Alzheimer’s Care

alzheimers_careMany seniors will need special care in light of having been diagnosed with Alzheimer’s disease, dementia and other memory issues. Seniors afflicted with memory affliction should be thoroughly examined by a medical doctor in order to determine the senior’s stage of affliction. Knowing whether the senior is affected with early, middle or late stage affliction will allow for a better determination on what type of facility is best suited for a senior.

Early stages of memory loss may require only limited assistance with daily personal needs. Whereas those with more advanced stages of memory loss will require more intense care such as needing assistance with walking, eating and medical care. Whatever the level of care necessary, it is important to match the level provided by facility with the senior’s needs. The growing trend is for adult communities to be specialized and in the care of seniors with memory afflictions. The communities are especially focused on creating an environment of safety and security while providing activities suitable for the maintenance and care of a senior with impaired memory.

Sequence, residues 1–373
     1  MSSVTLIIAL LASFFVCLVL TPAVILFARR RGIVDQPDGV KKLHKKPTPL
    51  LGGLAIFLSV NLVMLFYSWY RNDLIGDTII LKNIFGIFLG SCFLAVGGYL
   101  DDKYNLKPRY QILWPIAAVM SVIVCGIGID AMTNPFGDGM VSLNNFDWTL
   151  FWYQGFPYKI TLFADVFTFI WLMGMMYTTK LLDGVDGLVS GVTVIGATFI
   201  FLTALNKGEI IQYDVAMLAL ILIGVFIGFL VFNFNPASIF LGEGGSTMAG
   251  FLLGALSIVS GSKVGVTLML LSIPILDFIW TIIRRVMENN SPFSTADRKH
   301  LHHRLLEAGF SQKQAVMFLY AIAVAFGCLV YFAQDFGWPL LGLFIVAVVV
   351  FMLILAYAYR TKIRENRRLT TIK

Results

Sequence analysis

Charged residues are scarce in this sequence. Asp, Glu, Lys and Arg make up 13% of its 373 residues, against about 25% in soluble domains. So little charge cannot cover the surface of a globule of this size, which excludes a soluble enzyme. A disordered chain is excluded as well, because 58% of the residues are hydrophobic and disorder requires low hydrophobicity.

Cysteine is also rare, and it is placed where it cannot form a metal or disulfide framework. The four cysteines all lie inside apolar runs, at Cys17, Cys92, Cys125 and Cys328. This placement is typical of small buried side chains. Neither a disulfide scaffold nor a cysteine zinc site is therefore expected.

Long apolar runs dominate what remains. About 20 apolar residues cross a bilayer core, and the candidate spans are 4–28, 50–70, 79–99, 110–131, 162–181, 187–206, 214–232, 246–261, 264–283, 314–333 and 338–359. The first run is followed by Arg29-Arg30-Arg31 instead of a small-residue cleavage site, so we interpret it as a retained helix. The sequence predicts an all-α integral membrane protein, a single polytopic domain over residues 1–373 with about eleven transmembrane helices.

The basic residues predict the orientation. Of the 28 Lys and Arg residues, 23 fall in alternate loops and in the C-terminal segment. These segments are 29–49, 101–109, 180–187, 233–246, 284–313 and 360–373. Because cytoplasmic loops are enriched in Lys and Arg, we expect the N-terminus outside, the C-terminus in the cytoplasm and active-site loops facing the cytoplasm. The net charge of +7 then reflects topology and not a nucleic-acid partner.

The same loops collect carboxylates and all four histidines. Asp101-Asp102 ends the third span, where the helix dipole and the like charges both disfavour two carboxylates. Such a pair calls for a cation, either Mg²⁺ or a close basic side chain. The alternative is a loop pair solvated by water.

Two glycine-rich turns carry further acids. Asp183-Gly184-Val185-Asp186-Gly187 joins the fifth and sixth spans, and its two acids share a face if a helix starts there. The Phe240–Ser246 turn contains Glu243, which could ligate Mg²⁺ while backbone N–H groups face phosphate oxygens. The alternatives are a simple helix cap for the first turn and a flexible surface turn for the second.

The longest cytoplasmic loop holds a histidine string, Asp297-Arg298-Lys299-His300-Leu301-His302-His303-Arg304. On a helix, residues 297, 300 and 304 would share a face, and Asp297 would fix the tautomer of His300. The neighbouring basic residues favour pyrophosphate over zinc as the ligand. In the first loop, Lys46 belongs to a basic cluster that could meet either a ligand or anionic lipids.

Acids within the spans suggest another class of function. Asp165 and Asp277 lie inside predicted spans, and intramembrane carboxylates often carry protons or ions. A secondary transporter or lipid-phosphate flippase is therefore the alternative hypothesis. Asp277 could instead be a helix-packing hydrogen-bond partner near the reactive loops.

7 stages of Alzheimer’s disease progression

According to the Alzheimer’s Association there are 7 stages of progression of Alzheimer’s disease:
Stage 1: No impairment — No evidence of memory loss but concern is indicated
Stage 2: Very mild decline — Memory lapses occur, but whether such incidences are due to the aging process or Alzheimer’s disease is unclear
Stage 3: Mild decline — Apparent decline in cognitive skills, such as remembering names and places
Stage 4: Moderate decline — Forgetfulness about one’s own personal history may occur, as well as difficulty performing daily tasks
Stage 5: Moderately severe decline — The individual starts to require help with daily activities as memory lapses begin to interfere
Stage 6: Severe decline — Personality changes begin to take place as well as confusion about one’s surroundings
Stage 7: Very severe decline — The individual loses the ability to respond to their environment, to carry on a conversation and, eventually, to control movement.